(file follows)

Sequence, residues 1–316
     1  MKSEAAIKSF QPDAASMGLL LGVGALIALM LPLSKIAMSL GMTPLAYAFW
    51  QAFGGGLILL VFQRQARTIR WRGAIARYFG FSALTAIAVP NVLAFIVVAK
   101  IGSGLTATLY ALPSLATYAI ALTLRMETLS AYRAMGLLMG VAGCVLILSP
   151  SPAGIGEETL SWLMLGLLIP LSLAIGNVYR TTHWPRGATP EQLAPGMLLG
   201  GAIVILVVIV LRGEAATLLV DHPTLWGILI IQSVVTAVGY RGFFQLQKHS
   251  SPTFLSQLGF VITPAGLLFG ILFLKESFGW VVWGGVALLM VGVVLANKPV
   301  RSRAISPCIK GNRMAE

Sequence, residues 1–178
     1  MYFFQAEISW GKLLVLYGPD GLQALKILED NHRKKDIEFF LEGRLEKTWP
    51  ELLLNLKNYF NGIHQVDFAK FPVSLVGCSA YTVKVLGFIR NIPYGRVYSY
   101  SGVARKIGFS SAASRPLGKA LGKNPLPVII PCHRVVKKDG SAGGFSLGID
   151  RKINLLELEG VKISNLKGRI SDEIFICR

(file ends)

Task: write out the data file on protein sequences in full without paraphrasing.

Sequence, residues 1–316
     1  MKSEAAIKSF QPDAASMGLL LGVGALIALM LPLSKIAMSL GMTPLAYAFW
    51  QAFGGGLILL VFQRQARTIR WRGAIARYFG FSALTAIAVP NVLAFIVVAK
   101  IGSGLTATLY ALPSLATYAI ALTLRMETLS AYRAMGLLMG VAGCVLILSP
   151  SPAGIGEETL SWLMLGLLIP LSLAIGNVYR TTHWPRGATP EQLAPGMLLG
   201  GAIVILVVIV LRGEAATLLV DHPTLWGILI IQSVVTAVGY RGFFQLQKHS
   251  SPTFLSQLGF VITPAGLLFG ILFLKESFGW VVWGGVALLM VGVVLANKPV
   301  RSRAISPCIK GNRMAE

Sequence, residues 1–178
     1  MYFFQAEISW GKLLVLYGPD GLQALKILED NHRKKDIEFF LEGRLEKTWP
    51  ELLLNLKNYF NGIHQVDFAK FPVSLVGCSA YTVKVLGFIR NIPYGRVYSY
   101  SGVARKIGFS SAASRPLGKA LGKNPLPVII PCHRVVKKDG SAGGFSLGID
   151  RKINLLELEG VKISNLKGRI SDEIFICR